We used routinely tested STDs to evaluate trends over the years 1994 to 2004. These included anogenital NG, anogenital CT (since 1996), infectious syphilis (primary, secondary, and early latent), and TV among women (until 2004). Infections at multiple anatomic sites at the same visit were counted as one case, but a single person could contribute to multiple cases if a repeated infection was diagnosed at more than one consultation. For symptomatic infections such as syphilis and NG, changes in total numbers of infections might represent changes in incident infections and therefore probably changes in incidence in Amsterdam.15 For asymptomatic infections such as CT and HIV, total numbers do not necessarily represent incident cases and increases might by confounded by increases in screening, making changes in prevalences more informative than total numbers for generalization to the Amsterdam population.16 To aid interpretation, we therefore analyzed time trends in both prevalence (i.e., number of infections divided by number of visits) and total number of infections. We analyzed prevalence time trends univariately using logistic regression. For total numbers of infections, we used generalized linear models with a negative binomial distribution assuming a stable population over calendar time. We chose a negative binomial distribution because we wanted to adjust for overdispersion to correct for unmeasured variables. In both logistic and negative binomial models, we modeled year as a continuous variable and, in case of nonlinearity, year was modeled by a piecewise linear effect based on percentiles. Nonlinearity was tested by comparing the fit of the linear and the piecewise linear model. To evaluate whether STD prevalence trends differed among demographic subgroups, we added interaction terms between calendar time and gender, age, and ethnicity in bivariate logistic analysis. Interaction, however, could only be evaluated for STD trends on prevalence because for the total number of infections, we would need to know the size of each risk group, which was unknown. For HIV trends, prevalence as found in the anonymous HIV surveys was used to evaluate trends (available until 2004) by logistic regression as described previously. Trends in sexual risk behavior, defined as only one partner versus more than one partner, were analyzed using univariate logistic regression with year as a continuous variable or, in case of nonlinearity, year was modeled by a piecewise linear effect based on percentiles.

To assess STD risk factors (i.e., gender, age, ethnicity, drug use, HIV status, and being a CSW or visiting a CSW), we performed univariate and multivariate logistic regression analysis. Backward selection was used to obtain a multivariate model that included statistically significant risk factors only. Significance for individual parameters was tested using the univariate and multivariate Wald test. Estimates and standard errors were corrected for intraindividual correlation among visits of the same person by using generalized estimating equations, assuming an exchangeable correlation matrix. To correct for demographic changes over time, we also adjusted for year of visit. We did not test for interactions when we assessed risk factors, being interested only in basic demography. We considered a P value <0.05 as statistically significant.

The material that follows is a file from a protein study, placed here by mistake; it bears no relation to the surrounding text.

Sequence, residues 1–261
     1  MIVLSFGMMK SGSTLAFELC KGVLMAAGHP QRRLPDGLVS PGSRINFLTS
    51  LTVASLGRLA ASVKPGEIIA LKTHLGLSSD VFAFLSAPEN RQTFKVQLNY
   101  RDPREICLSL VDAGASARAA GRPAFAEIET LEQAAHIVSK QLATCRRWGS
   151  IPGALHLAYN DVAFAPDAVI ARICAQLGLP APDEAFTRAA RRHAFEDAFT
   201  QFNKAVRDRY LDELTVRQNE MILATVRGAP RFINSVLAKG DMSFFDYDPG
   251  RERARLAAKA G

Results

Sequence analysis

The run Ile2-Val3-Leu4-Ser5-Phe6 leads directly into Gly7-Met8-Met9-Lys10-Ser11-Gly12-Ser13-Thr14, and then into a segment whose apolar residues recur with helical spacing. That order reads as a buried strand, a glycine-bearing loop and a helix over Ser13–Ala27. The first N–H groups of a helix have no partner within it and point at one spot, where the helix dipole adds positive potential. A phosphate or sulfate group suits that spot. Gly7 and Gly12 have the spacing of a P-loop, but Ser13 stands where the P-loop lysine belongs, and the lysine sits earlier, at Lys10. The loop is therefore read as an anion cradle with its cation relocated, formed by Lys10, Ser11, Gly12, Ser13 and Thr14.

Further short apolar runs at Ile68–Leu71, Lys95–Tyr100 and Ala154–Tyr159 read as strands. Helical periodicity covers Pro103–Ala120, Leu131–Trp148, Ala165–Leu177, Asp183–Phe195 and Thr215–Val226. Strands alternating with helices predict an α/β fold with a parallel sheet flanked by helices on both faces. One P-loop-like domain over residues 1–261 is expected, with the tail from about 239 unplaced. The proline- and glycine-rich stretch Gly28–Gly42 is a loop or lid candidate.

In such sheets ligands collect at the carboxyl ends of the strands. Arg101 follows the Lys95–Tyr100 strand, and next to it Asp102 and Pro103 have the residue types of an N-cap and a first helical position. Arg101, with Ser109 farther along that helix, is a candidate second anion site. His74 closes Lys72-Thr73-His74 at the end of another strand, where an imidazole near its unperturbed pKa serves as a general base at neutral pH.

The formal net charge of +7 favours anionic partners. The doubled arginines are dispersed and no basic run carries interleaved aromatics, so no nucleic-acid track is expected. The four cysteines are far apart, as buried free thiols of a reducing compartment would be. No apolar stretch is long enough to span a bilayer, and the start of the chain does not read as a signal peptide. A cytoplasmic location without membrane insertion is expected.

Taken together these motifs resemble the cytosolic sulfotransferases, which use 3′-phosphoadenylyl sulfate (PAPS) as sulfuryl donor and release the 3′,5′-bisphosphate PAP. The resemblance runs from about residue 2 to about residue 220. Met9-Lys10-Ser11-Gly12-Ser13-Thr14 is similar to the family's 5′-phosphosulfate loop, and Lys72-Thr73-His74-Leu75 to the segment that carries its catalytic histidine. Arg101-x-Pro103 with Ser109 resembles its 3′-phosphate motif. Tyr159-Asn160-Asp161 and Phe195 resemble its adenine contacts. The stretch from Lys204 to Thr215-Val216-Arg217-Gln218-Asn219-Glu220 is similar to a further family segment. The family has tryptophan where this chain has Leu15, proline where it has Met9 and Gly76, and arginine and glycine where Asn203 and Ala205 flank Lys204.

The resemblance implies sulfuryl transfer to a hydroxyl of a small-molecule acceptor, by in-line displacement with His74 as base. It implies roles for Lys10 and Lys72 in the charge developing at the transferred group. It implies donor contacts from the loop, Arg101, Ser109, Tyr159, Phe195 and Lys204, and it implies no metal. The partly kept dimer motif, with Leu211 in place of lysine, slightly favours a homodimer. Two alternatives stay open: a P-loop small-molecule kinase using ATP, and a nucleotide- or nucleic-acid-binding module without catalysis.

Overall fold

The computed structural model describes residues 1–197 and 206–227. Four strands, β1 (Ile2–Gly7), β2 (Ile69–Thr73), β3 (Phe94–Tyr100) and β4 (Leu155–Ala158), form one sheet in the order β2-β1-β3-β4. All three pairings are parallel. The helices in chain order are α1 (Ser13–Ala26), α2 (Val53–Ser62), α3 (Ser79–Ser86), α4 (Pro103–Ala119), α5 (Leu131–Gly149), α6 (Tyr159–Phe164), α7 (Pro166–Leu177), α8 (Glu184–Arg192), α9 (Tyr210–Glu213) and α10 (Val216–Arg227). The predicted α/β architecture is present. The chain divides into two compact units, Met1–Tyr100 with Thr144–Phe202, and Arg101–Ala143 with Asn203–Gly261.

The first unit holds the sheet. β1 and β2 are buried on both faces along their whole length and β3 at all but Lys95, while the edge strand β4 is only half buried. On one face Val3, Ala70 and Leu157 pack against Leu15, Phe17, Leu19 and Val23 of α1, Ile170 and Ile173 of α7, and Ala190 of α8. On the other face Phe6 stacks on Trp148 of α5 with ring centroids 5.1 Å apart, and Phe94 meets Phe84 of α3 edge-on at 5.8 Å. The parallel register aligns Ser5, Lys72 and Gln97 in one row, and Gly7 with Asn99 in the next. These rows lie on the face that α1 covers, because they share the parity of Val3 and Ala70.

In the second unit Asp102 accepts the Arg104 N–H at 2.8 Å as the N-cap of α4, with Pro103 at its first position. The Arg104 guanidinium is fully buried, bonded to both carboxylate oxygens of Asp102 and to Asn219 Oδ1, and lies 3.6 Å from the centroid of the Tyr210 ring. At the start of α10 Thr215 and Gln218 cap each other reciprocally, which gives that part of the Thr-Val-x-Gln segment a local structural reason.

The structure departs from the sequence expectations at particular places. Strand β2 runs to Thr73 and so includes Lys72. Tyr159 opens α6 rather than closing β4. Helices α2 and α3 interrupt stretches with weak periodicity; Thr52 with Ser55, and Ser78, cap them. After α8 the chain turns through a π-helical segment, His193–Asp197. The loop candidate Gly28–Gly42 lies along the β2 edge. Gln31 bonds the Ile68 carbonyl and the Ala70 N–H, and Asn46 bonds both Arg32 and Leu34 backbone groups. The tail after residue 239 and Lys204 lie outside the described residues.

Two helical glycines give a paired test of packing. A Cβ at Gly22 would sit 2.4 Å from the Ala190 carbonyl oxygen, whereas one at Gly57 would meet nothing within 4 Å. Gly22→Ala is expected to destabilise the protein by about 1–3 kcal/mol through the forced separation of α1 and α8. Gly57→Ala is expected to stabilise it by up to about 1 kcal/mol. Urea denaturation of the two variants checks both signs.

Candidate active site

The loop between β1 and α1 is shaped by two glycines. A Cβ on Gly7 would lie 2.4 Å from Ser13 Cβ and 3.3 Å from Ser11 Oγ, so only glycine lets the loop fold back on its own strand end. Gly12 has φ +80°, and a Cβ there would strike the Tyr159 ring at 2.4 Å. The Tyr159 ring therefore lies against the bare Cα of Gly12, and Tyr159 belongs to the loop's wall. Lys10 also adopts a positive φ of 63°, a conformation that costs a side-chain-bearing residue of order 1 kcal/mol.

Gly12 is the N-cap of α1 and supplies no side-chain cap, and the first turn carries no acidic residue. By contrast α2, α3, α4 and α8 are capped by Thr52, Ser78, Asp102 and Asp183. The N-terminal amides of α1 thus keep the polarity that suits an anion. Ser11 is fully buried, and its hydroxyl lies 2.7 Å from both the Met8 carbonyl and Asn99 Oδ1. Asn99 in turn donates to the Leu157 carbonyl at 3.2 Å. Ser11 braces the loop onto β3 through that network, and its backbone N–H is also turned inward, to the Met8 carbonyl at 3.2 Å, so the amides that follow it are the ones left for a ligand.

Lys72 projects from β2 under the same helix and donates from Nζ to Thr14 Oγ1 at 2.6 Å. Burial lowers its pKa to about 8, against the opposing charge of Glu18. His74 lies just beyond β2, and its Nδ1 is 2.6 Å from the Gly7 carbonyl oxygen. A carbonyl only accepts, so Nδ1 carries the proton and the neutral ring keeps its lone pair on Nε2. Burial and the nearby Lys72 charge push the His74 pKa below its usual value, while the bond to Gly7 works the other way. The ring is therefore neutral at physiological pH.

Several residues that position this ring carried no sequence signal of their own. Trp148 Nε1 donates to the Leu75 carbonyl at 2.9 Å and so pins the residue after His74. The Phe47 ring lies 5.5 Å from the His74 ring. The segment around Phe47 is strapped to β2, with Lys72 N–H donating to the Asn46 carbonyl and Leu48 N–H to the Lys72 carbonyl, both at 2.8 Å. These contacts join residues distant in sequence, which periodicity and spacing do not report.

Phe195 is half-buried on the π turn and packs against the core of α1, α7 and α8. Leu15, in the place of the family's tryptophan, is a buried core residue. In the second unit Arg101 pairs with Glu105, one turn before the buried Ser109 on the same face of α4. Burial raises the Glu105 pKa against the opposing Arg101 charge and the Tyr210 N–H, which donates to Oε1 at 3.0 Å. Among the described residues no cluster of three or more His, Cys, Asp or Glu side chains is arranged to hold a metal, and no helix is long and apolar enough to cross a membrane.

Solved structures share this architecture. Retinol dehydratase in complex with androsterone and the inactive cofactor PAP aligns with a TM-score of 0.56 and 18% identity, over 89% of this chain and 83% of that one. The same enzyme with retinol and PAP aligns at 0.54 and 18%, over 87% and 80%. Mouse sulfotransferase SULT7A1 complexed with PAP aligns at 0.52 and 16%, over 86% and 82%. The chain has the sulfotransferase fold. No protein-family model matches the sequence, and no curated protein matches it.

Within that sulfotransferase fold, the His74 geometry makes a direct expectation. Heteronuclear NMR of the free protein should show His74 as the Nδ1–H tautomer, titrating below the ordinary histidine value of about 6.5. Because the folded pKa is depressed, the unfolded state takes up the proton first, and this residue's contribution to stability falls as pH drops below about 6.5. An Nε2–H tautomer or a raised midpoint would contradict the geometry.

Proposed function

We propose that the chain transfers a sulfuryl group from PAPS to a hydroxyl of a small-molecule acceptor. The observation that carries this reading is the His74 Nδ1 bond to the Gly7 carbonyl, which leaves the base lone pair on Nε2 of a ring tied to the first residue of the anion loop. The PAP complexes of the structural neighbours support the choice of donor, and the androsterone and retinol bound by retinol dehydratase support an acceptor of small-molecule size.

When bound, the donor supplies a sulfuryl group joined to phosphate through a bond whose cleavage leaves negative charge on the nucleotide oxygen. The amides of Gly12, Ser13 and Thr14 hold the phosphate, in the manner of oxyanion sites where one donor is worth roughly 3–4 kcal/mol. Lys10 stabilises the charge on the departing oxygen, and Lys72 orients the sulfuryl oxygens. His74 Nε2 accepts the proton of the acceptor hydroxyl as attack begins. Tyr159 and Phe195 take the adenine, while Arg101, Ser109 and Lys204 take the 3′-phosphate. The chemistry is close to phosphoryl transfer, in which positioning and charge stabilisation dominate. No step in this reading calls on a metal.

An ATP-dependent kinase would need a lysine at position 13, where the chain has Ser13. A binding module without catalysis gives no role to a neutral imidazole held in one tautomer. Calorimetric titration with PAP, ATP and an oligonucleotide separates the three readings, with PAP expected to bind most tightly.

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Study Population

The annual number of new consultations by heterosexuals almost doubled between 1994 and 2005, giving a total of 161,510 new consultations during the study period (Fig. 1). Of the heterosexual attendees, 47% was male and 60% was of Dutch origin; 12% was of Surinamese or Dutch Antillean descent. The median age was 28 years (interquartile range: 23–35 years). The demographics changed over time, with the proportion of women, the proportion of persons aged younger than 30, and the proportion of persons with Dutch ethnicity increasing steadily (from 48–53%, from 47–66%, and from 50–67%, respectively). Since 1994, diagnoses included 4,055 NG infections (529 anal NG), 346 syphilis infections, and 2,236 TV infections (until 2004); and since 1996, 14,331 CT infections (620 anal CT). In total, 17,093 attendees participated in the anonymous HIV surveys from 1994 to 2004; 108 were found to be HIV-positive.

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Trends in Prevalence